This week, the Friday Indie Review took a look at The Pull by Brooke Morris.
Well, we have something of a bonus feature for you, folks. Ms Morris was kind enough to answer some interview questions from us.
1. So, what got you into writing?
An overactive imagination ! I constantly tend to be creating stories about the world around me. My go-to thought on just about anything is, “what if…”, especially when I was a kid. Eventually I just started writing them down.
2. I noticed Maggie is from a broken home in more ways than one. Is that autobiographical?
I have never been a big fan of the term broken home. It is seems so negative, as if a rainstorm should be darkening the skies above it. Yes, my parents are divorced, but my childhood was filled with a mom who encouraged my out-of-the-box thinking and provided never ending support. So I guess you could say the positive relationships Maggie has with her parents is autobiographical.
3. You’ve built a pretty complex cosmology in the Nademi series; did you do that as you were writing, or did the cosmology come before the writing?
The story started out much simpler and I just began flushing it out as I went along. It has gone through one major revision and it was during that time that a lot of that mythology came into the picture.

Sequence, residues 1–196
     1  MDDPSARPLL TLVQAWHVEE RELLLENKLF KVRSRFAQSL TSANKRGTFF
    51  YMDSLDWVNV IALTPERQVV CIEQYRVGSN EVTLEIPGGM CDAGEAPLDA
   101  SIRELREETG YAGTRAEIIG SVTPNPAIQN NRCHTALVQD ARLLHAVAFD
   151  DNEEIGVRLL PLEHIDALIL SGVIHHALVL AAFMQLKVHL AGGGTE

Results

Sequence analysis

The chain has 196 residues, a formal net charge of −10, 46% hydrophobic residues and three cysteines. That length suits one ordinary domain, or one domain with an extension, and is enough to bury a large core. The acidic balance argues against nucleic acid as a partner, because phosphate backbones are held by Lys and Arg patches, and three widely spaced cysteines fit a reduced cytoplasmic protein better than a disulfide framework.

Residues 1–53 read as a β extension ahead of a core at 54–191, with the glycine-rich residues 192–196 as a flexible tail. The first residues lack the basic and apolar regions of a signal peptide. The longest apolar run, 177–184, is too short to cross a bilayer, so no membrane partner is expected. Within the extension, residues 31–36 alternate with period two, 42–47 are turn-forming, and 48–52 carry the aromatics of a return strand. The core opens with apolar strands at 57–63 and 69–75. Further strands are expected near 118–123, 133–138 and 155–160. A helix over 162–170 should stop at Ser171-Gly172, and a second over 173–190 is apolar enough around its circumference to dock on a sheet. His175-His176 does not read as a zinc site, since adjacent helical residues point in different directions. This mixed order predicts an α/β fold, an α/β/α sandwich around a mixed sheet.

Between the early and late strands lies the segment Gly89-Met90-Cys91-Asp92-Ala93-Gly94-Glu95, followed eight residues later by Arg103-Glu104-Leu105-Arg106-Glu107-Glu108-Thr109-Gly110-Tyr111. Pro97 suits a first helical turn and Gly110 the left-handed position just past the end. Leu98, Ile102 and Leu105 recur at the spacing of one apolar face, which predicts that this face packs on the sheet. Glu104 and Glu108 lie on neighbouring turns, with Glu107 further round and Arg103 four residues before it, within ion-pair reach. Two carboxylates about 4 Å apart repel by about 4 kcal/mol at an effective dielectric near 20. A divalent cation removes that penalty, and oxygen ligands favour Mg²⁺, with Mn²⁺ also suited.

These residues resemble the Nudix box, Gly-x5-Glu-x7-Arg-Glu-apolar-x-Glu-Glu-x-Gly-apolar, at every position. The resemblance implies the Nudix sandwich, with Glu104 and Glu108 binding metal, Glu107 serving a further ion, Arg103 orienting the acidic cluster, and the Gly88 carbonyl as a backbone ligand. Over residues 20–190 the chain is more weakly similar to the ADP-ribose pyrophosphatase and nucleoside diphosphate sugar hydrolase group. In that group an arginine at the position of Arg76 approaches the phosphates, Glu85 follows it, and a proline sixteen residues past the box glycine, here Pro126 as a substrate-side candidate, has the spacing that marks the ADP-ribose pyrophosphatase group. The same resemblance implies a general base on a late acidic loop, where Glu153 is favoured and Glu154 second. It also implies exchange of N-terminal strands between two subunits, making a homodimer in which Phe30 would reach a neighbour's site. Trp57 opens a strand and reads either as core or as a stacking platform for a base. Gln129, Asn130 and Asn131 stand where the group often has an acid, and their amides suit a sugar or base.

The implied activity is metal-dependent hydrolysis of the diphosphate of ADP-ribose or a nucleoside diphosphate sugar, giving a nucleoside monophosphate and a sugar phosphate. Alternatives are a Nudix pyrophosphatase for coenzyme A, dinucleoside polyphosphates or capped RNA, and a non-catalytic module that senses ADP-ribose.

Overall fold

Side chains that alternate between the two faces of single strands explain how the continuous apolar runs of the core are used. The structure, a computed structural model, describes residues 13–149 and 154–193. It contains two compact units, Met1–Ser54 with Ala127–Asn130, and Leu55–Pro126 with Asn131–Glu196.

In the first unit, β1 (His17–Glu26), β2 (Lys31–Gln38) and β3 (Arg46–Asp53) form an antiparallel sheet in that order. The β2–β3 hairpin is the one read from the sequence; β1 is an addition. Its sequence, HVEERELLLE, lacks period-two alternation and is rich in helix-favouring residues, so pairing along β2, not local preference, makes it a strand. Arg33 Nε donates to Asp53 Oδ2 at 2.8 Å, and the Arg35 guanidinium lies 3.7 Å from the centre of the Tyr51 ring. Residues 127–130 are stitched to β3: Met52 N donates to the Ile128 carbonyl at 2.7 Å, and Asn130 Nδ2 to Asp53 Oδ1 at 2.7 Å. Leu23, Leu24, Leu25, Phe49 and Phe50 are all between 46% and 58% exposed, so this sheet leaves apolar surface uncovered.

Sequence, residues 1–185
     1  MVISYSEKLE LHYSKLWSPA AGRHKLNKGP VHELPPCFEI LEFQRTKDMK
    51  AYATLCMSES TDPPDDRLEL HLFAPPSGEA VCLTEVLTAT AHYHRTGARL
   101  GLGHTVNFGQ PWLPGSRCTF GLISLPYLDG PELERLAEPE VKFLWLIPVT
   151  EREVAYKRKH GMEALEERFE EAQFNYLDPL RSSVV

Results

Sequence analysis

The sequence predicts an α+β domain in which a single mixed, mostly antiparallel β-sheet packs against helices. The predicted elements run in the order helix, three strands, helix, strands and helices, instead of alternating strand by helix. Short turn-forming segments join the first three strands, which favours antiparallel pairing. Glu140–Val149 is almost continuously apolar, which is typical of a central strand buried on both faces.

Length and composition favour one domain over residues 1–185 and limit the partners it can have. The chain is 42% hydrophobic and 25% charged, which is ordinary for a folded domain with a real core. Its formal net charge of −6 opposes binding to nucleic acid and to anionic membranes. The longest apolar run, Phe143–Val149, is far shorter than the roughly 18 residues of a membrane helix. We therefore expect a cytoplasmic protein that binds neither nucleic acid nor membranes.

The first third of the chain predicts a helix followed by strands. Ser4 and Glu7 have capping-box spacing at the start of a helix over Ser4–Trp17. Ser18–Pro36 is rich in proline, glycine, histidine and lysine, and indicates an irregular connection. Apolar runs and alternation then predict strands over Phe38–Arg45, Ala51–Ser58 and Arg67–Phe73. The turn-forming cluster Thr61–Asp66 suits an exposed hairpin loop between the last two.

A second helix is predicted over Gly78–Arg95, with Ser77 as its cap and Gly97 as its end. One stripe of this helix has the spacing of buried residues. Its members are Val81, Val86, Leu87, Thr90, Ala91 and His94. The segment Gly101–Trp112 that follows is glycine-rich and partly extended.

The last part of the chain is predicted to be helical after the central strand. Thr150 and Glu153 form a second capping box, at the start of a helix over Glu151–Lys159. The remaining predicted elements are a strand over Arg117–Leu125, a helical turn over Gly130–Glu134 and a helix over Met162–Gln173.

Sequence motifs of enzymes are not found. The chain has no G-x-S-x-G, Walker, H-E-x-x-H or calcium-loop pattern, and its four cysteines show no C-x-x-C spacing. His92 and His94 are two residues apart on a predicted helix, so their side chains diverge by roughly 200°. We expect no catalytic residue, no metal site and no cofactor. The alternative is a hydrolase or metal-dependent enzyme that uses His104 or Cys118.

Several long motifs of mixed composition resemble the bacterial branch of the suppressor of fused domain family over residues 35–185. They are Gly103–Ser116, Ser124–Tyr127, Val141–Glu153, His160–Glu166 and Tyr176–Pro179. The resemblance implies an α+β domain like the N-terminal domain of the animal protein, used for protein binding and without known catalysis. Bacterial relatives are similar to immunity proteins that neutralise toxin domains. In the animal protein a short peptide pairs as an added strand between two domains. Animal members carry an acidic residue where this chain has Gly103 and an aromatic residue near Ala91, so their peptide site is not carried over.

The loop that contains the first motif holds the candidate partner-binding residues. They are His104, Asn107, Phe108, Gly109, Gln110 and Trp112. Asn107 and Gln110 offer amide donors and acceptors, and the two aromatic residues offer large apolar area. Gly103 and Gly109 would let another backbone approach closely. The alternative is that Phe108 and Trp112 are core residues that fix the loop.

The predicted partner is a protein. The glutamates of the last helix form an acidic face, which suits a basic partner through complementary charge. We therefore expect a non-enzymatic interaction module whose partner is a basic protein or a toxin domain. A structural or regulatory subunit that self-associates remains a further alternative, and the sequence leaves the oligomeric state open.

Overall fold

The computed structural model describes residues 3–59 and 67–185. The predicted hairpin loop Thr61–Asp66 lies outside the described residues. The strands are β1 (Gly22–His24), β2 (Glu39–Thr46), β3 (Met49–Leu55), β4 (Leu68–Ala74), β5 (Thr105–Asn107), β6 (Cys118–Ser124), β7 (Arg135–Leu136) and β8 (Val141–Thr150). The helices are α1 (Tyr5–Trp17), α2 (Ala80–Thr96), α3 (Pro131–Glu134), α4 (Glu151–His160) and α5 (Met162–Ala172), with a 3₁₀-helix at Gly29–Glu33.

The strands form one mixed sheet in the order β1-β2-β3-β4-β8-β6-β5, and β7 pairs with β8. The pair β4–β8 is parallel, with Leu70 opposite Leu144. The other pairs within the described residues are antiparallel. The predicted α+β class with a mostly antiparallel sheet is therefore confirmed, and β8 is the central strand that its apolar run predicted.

4. On the subject of your cosmoslogy…Umbrokor? Faeries, Daemons, Dwarves, Witches, Men…these I’m familiar with. Where did Umbrokor come from?
Umbrokor is a term I completely made up. I wanted something better than “magician” because that didn’t properly convey the race I was trying to describe. As I searched for a term that would, I realized nothing did, so I made up my own. That is what I love about story telling. You are building this world and, as long as you abide by the rules you’ve established for it, you can do whatever your heart desires. I mean, where did the terms faeries, daemons, and witches come from? Where does any word come from? It all stems from a need to convey an idea, and if a word doesn’t exist to suit that need, then it must be created.
5. So, is the Nademi series a trilogy, or are you shooting for something more epic?
I am shooting for a trilogy, that is the story arch I have planned. But you never know, I might do something more with it. It all depends on how the story develops. My writing method is very unstructured and organic. I am basically discovering the characters right along with the reader.
6. Do you have any published short stories? In what anthologies could the readers find those?
This is the first work I have ever created and made available to the public. However, it is ironic that you would mention this because I just started what I call Wednesday Writings on my website, in which I release a new chapter of a short story I am working on and post it on my bloghttp:/
7. If you’ve read the review, you know I wasn’t a fan of your prologue. To summarize, I found it to be muddy, and it didn’t really add to the story. I figured I’d give you a chance to shoot back here.